The design of GPS is based partly on the similar ground-based radio navigation systems, such as LORAN developed in the early 1940s, and used during World War II. Additional inspiration for the GPS system came when the Soviet Union launched the first Sputnik in 1957. A team of U.S. scientists led by Dr. Richard B. Kershner were monitoring Sputnik’s radio transmissions. They discovered that, because of the Doppler effect, the frequency of the signal being transmitted by Sputnik was higher as the satellite approached, and lower as it continued away from them. They realized that since they knew their exact location on the globe, they could pinpoint where the satellite was along its orbit by measuring the Doppler distortion. The converse is also true: if the satellite’s position were known, they could identify their own position on Earth.
The first satellite navigation system, Transit, used by the United States Navy, was first successfully tested in 1960. Using a constellation of five satellites, it could provide a navigational fix approximately once per hour. In 1967, the U.S. Navy developed the Timation satellite which proved the ability to place accurate clocks in space, a technology the GPS system relies upon. In the 1970s, the ground-based Omega Navigation System, based on signal phase comparison, became the first world-wide radio navigation system.
The first experimental Block-I GPS satellite was launched in February 1978. The GPS satellites were initially manufactured by Rockwell International and are now manufactured by Lockheed Martin.
In 1983, after Soviet interceptor aircraft shot down the civilian airliner KAL 007 in restricted Soviet airspace, killing all 269 people on board, Ronald Reagan announced that the GPS system would be made available for civilian uses once it was completed.
By 1985, ten more experimental Block-I satellites had been launched to validate the concept. The first modern Block-II satellite was launched on February 14, 1989.
In 1992, the 2d Space Operations Squadron, which originally managed the system, was inactivated and replaced by the 50th Space Wing.
The system achieved initial operational capability by December 1993 A complete constellation of 24 satellites was in orbit by January 17, 1994.
In 1996, recognizing the importance of GPS to civilian users as well as military users, President Bill Clinton issued a policy directive declaring GPS to be a dual-use system and establishing an Interagency GPS Executive Board to manage it as a national asset.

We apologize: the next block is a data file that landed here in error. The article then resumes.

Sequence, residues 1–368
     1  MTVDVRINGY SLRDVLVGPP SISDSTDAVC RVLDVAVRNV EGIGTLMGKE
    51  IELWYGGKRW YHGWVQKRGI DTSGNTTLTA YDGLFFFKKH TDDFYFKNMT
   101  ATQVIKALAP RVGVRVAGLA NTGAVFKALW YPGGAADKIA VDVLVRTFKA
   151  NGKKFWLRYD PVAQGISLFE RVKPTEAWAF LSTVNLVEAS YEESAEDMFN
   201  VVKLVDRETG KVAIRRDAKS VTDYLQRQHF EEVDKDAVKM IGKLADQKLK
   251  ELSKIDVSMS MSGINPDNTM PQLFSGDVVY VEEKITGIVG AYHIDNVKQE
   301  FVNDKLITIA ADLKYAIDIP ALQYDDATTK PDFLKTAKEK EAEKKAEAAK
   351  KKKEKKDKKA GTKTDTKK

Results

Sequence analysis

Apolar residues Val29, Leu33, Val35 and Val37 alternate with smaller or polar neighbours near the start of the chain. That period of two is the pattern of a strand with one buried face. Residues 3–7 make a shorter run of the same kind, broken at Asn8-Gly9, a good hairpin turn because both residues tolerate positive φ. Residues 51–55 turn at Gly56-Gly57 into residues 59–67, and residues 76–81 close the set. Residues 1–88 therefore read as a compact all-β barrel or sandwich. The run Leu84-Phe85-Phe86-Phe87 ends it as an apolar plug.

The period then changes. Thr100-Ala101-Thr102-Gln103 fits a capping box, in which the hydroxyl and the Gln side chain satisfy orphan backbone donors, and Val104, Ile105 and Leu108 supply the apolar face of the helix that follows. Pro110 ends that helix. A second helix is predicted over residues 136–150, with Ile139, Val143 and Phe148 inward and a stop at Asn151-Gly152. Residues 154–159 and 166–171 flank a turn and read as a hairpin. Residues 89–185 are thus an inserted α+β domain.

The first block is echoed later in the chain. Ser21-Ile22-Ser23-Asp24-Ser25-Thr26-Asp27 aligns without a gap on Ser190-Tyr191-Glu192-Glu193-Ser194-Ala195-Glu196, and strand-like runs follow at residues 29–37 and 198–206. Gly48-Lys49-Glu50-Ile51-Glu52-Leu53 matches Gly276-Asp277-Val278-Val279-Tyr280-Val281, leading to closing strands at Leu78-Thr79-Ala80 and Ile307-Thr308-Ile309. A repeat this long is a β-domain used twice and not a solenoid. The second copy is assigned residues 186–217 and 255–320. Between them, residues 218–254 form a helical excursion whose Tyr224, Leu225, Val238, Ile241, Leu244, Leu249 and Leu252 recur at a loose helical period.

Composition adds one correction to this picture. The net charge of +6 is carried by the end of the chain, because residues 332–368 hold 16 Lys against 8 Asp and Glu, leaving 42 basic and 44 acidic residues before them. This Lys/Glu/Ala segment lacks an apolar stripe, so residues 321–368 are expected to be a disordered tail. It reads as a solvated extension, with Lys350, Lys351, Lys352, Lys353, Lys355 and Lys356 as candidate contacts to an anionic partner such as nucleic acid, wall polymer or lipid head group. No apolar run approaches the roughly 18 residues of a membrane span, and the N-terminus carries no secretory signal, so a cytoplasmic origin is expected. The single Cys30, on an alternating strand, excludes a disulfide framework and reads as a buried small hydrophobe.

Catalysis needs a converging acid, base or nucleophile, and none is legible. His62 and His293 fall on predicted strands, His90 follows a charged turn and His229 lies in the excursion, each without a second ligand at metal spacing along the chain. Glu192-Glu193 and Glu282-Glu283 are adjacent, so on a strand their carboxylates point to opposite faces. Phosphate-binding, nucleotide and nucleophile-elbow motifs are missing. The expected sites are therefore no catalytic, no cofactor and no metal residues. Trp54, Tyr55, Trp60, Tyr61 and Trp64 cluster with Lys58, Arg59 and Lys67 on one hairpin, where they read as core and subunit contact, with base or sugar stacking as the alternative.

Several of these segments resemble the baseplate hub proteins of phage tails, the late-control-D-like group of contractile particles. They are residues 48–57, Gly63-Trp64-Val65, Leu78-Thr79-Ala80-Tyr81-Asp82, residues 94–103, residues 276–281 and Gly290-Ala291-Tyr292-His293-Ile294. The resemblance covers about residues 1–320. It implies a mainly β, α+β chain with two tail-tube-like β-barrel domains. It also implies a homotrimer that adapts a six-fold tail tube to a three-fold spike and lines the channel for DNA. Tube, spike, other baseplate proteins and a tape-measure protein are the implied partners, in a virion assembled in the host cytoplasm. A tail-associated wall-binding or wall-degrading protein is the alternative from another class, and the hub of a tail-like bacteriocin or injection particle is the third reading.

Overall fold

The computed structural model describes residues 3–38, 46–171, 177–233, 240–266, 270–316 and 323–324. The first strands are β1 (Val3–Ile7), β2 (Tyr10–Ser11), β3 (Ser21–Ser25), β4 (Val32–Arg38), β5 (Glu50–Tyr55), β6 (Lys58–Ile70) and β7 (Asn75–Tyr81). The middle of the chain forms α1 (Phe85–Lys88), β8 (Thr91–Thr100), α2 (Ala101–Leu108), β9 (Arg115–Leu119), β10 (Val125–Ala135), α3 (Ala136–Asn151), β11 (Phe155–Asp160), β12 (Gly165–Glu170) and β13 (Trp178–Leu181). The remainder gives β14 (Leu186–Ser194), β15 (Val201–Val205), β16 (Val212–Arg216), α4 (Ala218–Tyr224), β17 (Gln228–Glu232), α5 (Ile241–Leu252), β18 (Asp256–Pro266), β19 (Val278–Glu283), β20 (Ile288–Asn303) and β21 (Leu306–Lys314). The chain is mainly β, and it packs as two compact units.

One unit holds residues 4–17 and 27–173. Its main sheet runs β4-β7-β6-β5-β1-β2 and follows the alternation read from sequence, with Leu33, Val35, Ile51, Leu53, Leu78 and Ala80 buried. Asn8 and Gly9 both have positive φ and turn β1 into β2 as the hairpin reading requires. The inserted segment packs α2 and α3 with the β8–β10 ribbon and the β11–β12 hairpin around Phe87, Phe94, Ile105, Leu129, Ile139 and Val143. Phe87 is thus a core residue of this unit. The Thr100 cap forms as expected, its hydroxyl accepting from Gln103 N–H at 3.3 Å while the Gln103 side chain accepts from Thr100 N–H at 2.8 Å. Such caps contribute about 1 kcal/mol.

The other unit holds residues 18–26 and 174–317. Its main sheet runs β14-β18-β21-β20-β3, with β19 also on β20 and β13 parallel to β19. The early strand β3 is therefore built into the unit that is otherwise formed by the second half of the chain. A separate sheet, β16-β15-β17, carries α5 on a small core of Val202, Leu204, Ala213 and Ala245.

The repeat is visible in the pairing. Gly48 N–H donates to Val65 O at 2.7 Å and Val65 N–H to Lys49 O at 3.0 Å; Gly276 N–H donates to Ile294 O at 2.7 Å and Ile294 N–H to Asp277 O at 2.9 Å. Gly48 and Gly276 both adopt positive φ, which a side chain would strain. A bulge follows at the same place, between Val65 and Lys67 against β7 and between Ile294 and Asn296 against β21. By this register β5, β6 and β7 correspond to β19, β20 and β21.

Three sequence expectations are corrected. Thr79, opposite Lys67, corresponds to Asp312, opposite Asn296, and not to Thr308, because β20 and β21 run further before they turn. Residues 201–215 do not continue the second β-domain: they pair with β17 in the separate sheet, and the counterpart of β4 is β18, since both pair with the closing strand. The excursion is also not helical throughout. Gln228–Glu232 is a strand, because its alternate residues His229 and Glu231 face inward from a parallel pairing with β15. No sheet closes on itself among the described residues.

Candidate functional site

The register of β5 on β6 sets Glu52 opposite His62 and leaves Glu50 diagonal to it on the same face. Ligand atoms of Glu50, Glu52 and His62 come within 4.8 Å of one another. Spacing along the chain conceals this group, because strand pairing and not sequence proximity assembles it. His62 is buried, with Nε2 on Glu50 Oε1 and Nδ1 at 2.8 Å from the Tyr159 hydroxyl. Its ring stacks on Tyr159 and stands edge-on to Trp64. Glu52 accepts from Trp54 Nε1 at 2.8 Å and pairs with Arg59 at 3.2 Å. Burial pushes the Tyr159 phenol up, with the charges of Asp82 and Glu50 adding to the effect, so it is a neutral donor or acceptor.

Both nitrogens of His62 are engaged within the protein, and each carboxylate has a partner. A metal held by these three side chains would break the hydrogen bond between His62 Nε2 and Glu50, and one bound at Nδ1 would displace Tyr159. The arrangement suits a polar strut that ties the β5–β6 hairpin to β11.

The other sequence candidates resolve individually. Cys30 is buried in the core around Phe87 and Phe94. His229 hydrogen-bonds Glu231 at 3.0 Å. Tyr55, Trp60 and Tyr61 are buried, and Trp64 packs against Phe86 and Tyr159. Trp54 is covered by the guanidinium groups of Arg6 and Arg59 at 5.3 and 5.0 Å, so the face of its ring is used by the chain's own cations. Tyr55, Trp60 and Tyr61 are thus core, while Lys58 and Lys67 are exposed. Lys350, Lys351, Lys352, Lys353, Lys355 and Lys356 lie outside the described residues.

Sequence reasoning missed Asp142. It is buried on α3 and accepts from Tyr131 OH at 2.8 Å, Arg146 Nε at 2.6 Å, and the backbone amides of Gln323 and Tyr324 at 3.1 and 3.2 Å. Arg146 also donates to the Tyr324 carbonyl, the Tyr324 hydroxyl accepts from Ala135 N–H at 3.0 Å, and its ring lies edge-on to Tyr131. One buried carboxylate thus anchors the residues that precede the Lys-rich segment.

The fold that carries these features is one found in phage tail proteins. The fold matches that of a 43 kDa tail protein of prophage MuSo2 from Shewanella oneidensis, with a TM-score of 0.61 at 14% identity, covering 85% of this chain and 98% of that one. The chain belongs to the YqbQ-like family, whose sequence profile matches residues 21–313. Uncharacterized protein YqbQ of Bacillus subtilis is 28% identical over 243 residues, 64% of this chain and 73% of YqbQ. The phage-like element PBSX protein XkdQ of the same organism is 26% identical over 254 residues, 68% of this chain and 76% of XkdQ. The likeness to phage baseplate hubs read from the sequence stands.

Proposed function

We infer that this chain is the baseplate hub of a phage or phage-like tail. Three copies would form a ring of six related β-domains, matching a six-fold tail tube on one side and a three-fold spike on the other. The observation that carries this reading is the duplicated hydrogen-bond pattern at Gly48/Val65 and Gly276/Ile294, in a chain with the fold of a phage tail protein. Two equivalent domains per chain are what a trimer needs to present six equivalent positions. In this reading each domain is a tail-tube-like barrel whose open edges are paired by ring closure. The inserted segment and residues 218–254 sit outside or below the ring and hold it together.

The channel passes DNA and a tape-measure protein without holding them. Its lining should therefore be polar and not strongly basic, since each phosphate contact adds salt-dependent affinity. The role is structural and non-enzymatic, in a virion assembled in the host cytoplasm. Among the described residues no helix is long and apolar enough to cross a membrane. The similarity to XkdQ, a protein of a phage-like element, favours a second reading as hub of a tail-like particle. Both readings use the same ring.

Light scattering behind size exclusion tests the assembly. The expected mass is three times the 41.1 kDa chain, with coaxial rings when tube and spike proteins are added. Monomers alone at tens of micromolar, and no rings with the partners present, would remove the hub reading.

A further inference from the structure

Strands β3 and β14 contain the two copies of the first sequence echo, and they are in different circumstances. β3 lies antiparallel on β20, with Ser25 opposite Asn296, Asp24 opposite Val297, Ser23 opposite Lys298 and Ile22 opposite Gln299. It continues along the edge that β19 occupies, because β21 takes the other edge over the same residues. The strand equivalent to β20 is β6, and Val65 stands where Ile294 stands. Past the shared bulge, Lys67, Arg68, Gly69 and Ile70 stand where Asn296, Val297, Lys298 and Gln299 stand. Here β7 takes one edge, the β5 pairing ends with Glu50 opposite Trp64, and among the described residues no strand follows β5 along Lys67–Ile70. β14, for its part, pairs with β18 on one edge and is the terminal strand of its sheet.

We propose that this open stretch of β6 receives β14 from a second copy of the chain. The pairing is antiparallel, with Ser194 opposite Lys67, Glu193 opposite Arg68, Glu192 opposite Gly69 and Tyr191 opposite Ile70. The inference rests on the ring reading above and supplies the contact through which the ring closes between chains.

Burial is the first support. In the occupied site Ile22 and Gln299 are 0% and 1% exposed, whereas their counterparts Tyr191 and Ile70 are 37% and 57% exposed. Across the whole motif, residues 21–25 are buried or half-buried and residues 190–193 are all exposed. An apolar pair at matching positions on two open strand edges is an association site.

In 1998, Vice President Al Gore announced plans to upgrade GPS with two new civilian signals for enhanced user accuracy and reliability, particularly with respect to aviation safety.
In 2004, President George W. Bush updated the national policy, replacing the board with the National Space-Based Positioning, Navigation, and Timing Executive Committee.
The most recent launch was in September 2005. The oldest GPS satellite still in operation was launched in February 1989.
GPS broadcast signal
GPS satellites broadcast three different types of data in the primary navigation signals. The first is the almanac which sends coarse time information with second precision along with status information about the satellites. The second is the ephemeris, which contains orbital information that allows the receiver to calculate the position of the satellite at any point in time. These bits of data are folded into the 37,500 bit Navigation Message, or NM, which takes 12.5 minutes to send at 50 Hz.
The satellites also broadcast two forms of accurate clock information, the Coarse Acquisition code, or C/A, and the Precise code, or P-code. The former is normally used for most civilian navigation. It consists of a 1,023 bit long pseudo-random code broadcast at 1.023 MHz, repeating every millisecond. Each satellite sends a distinct C/A code, which allows them to be identified. The P-code is a similar code broadcast at 10.23 MHz, but it repeats only once per week. In normal operation, the so-called “anti-spoofing mode”, the P code is first encrypted into the Y-code, or P(Y), which can only be decrypted by units with a valid decryption key. All three signals, NM, C/A and P(Y), are mixed together and sent on the primary radio channel, L1, at 1575.42 MHz. The P(Y) signal is also broadcast alone on the L2 channel, 1227.60 MHz. Several additional frequencies are used for unrelated purposes.
GPS allows receivers to accurately calculate their distance from the GPS satellites. The receivers do this by measuring the time delay between when the satellite sent the signal and the local time when the signal was received. This delay, multiplied by the speed of light, gives the distance to that satellite. The receiver also calculates the position of the satellite based on information periodically sent in the same signal. By comparing the two, position and range, the receiver can discover its own location.